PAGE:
This week our blog is written by the magical Ben Pechey. Ben is a freelance writer, content creator, fashion critic, proud Leo and LGBTQIA+ Activist from Yorkshire, UK. Ben joined us earlier this week to mediate and kick start our regular weekly debate.
This week, the question centred around fashion brands and Pride. Even though Pride is rooted in riots and protests for the rights and liberation of the LGBTQIA+ community, we are very aware of consumerism around Pride (and this is perhaps why we haven't featured Pride specific collections earlier like this before). Brands are seen to sell specific products each June, often with rainbow flags, with little else for the rest of the year. It's easy to see how Pride can been diluted with brands seeking to profit off and commercialise the cause.
With this in mind, we wanted to facilitate a discussion so everyone could have their say! Some amazing experiences, opinions and thoughts were shared on the pros and cons of pride campaigns, language usage, identity and good allyship. What do you think? Has Pride lost sight of its history as a political protest for liberation? How do you feel about brands launching collections and products for Pride and How can it be done well? What could we have done better?
Ben discusses it all....
When Lucy & Yak offered me the chance to mediate a conversation about Pride, brand campaigns and the future of Pride, I was really intrigued. In certain aspects, we ended up talking about things that I did expect, but others I was far more surprised about.
One of the clearest points to be raised was that the words and terms we use in the community are not mutually exclusive. This centred around the term Queer, which for me sits very happily in the LGBTQ+ acronym. It's important to understand the history of the term, which up until the late 19th century only meant odd or strange. After that, it was used to other the experience of the LGBTQ+ community and was used as a slur. It wasn't until as recently as the 1980s that queer was taken back by the community as a politically provocative stance on who we were. Thus queer became our term, and it planted the conversation squarely back in our hands.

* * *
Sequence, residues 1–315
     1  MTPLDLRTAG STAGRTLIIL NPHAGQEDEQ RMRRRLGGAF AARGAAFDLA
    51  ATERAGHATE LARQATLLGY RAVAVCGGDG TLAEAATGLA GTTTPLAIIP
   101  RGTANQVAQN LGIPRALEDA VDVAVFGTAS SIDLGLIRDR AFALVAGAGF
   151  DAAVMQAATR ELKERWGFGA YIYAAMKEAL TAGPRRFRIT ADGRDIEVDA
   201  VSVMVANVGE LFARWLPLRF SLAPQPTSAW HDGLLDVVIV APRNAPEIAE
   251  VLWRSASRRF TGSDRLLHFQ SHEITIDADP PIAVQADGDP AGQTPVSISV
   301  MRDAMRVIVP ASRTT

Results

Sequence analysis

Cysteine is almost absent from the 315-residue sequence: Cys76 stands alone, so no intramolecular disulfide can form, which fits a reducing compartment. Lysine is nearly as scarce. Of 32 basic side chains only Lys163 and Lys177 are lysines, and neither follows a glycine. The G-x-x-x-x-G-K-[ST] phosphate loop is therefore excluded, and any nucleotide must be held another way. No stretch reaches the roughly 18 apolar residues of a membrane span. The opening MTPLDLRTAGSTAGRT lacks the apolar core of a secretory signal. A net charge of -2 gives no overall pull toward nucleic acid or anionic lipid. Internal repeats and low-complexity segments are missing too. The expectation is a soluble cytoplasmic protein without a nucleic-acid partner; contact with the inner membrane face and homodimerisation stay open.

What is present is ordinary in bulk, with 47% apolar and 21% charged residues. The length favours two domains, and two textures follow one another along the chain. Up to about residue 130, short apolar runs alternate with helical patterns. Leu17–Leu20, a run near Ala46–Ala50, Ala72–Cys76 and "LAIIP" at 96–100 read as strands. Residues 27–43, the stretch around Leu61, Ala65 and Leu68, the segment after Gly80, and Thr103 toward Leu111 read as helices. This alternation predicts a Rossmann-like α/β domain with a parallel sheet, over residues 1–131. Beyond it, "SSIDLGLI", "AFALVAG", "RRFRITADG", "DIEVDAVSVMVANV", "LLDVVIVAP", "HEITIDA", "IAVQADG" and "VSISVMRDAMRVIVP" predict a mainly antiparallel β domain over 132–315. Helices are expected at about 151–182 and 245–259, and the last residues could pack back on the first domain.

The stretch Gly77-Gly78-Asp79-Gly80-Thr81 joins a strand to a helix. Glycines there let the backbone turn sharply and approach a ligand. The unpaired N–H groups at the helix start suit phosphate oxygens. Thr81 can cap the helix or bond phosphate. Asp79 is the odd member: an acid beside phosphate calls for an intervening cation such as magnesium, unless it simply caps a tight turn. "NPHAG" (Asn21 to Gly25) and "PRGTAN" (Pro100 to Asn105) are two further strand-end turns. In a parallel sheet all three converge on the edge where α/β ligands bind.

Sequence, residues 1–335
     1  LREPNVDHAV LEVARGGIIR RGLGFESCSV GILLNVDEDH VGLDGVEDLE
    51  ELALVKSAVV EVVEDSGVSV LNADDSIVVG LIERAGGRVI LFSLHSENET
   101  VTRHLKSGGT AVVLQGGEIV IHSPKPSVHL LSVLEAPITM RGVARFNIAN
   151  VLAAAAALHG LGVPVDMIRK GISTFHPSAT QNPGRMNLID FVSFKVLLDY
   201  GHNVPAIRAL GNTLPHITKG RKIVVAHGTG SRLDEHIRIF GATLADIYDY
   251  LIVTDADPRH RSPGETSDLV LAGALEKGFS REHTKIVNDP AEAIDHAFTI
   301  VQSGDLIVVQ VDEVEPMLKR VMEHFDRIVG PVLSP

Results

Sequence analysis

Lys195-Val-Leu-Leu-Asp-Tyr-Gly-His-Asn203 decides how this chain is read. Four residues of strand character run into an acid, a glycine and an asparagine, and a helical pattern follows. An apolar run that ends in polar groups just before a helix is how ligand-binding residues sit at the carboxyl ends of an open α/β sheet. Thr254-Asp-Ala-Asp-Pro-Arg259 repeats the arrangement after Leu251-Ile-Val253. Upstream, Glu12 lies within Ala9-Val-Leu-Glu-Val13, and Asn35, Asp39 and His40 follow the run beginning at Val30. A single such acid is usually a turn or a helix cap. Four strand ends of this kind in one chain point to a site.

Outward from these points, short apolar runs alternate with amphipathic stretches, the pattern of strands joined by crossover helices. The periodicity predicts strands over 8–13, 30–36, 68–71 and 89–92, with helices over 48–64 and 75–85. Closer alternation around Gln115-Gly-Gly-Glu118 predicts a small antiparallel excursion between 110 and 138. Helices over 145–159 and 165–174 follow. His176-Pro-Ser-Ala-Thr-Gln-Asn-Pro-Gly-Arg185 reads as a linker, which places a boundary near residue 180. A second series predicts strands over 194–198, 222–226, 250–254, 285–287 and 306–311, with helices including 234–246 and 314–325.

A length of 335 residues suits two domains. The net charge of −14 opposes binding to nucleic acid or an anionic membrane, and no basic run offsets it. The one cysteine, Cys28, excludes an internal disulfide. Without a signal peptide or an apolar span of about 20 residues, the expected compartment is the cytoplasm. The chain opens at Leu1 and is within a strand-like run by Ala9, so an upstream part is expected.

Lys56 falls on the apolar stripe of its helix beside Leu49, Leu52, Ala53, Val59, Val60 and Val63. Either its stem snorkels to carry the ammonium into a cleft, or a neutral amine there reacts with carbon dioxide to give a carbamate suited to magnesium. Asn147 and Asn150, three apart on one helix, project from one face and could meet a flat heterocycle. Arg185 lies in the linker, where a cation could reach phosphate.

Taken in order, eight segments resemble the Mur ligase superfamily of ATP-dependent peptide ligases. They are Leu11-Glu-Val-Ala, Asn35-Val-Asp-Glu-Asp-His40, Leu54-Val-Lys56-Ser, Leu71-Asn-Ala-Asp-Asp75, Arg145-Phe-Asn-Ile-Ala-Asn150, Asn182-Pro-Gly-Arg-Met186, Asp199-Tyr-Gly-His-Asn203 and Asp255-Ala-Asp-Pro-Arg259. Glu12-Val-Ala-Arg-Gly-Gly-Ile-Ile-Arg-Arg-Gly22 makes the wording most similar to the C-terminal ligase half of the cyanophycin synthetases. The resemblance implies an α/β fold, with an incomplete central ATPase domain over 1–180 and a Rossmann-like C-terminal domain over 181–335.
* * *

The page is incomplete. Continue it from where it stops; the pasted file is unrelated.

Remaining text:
As with many experiences, individual journeys are important. Queer to me signifies that I am not heterosexual, nor am I cisgender, it feels undefined and fluid; this, of course, is not a definitive answer. For many others, queer represents years of trauma, and its usage on a T-shirt was triggering and disrespectful. It is very important that we never overlook the suffering of others, and ensure all experiences are represented.
"Obviously the term queer is not as welcome for a lot of people in the community, and that should be appreciated too, however, I don't think not selling it would be appropriate as it would take away the representation it gave people such as myself." @_lauraexplorer
I want to be as candid as I can with you, I was very surprised by this conversation. I will admit that I saw no issues in the term being used, nor sold. I assumed the product wouldn't be bought by cis-gendered heterosexual people, but if it was this would be a signal of solidarity, a creation of allyship. This assumption was wrong, and in some ways erased the struggle of others. However, one commenter made me see very clearly the dichotomy of this word, and in essence, the community as a whole; and that is some people like it, and some don't. We cannot please everyone, and to try is futile, we can always listen, and this is key.
Allyship is so key to the community, and it is important that the role of an ally is one of adaptation and admitting when they make mistakes. Allies need to be open to learning and understanding the constant evolution of the community, listening to us, and not speaking over us.
I will be clear on one thing - no one person in the community has all the answers, and thus, we cannot be gatekeepers of who can and cannot use terms. Nor can we stipulate what people wear. We can certainly debate it, and I encourage this to be done freely, but in the case of the term queer, it is very much an individual thing.